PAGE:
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London housing – a crisis for businesses too A report for Fifty Thousand Homes







Rocketing house prices and rents are costing London’s economy over a billion pounds a year and thousands of jobs, according to new research by Cebr.


Rocketing house prices and rents are costing London’s economy over a billion pounds a year and thousands of jobs, according to new research published today. The data also shows the pressure that high housing costs are inflicting on people working not just in low-paid jobs but in many traditionally middle-class occupations.




The price of housing in London – both for those buying and renting – has risen rapidly in recent decades. The capital’s property market even weathered the global financial crisis with a display of great resilience.


After falling in 2008 and 2009, prices in the capital bounced back to their pre-crisis peak in 2010.


Between July 2010 and July 2015, average house prices in London have risen by 45%, with the typical


cost of a home standing at over half a million pounds (£525,000).

The research is being published by a new business-backed campaign called Fifty Thousand Homes to be launched tomorrow (Tuesday) as employers across sectors face increasing competitive and staff retention problems as a result of the capital’s housing crisis.



Key findings of the independent study, conducted by the Centre for Economics and Business Reseach (CEBR) for Fifty Thousand Homes, reveal the impact of high housing costs:



– Businesses face a £5.4bn wage premium in 2015, equivalent to £1,720 per person. This is set to reach £6.1bn by 2020.

– Nearly 11,000 extra jobs could have been created in 2015 (a result of businesses benefiting from greater revenue and therefore being able to generate more jobs).

– Impact on the money in people’s pockets: unnecessarily high housing costs is removing £2.7bn a year in consumer spending or 1.6% of total consumer spending.

– The economic growth (GVA) lost by diverting money away from more productive expenditure will be £14.5bn between 2006 & 2020 – equivalent to £1.04bn a year.

Workers hit hardest

It also paints a bleak picture for many workers in London, who are being priced out of living in the capital

Workers in shops, cafés and restaurants, those cleaning buildings, and those doing office admin would have to pay their entire pre-tax salary to rent an average private home in London.
Social workers, librarians, museum attendants, teachers, postal workers, and gym employees are under extreme financial pressure as a result of rents taking up more than half their salaries.








Only the best paid workers – including company directors and those in financial services earn enough to rent in central London “affordably” (less than a third of their salaries on rent).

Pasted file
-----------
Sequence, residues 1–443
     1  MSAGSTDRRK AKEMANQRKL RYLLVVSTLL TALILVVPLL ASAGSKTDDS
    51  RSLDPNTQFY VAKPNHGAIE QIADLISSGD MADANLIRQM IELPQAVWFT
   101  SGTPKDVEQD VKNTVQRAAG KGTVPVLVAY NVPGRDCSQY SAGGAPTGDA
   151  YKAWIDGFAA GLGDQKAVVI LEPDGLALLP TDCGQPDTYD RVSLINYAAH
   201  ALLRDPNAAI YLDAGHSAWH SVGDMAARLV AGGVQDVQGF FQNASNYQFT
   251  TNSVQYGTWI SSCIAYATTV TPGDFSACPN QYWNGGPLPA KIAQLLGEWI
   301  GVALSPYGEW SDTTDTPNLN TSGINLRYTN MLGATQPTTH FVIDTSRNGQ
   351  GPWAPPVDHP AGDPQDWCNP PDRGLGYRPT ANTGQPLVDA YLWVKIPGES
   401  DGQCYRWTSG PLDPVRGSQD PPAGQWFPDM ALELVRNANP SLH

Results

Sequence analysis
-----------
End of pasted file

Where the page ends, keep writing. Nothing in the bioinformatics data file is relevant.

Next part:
Source: UBS






In terms of affordability, London also scores very poorly on the affordability scale with just Shanghai,


Hong Kong and New York lower achieving worse results. Berlin, Geneva and Zurich are the most affordable out of the analysed cities. In the case of Berlin this is due to low housing costs, while in the


case of Geneva and Zurich the figure is low due to high average earnings


Average rents have also risen over the past five years – by 20% according to data from the Office for National Statistics. Median gross employee earnings in London have risen by just 5% over the same time period, meaning that earnings have not even come close to keeping pace with the rising cost of living in the capital. The costs to UK households from the housing crisis are well known – with individuals feeling the squeeze on their finances and not being able to afford to live near to where they work. But there are also huge and substantial costs to businesses, and the sheer scale of London’s housing crisis risks undermining the capital’s position as a global centre of enterprise, talent and success. Attracting and retaining staff becomes harder with high house prices. Top talent is often forced to leave the capital when an individual chooses to start a family (and is unable to afford a suitably sized home in London). Businesses in retail and other consumer-facing sectors feel the pinch – as housing eats up the spending power of the capital’s inhabitants, leaving less left to purchase discretionary items. London’s position as a global centre of commerce could also be undermined if the cost of living in the capital continues to soar. London ranks among the most expensive places to live in the world. In dollar terms, the normal local rent in London is over three times that of Berlin and close to double that of Dubai, according to data produced by UBS.


Baroness Jo Valentine, Chief Executive of London First, one of the business organisations that helped launch the campaign, said:

“This needless housing shortage needs urgent action. If we carry on as things stand, in 10 years’ time London will be a no-go zone for employees across sectors and at almost all levels.



“I want the next Mayor of London to wake up each morning thinking about how to increase housebuilding – because only doubling our current levels of housebuilding to 50,000 a year will we solve this crisis.”


Scott Corfe of CEBR, which conducted the research for Fifty Thousand Homes,



“Our research shows that the housing crisis is resulting in substantial costs to businesses and risks undermining the capital’s position as a global centre of enterprise, talent and success.”


full report can be downloaded >http://www.cebr.com/reports/housing-crisis-the-economic-impact-revealed/


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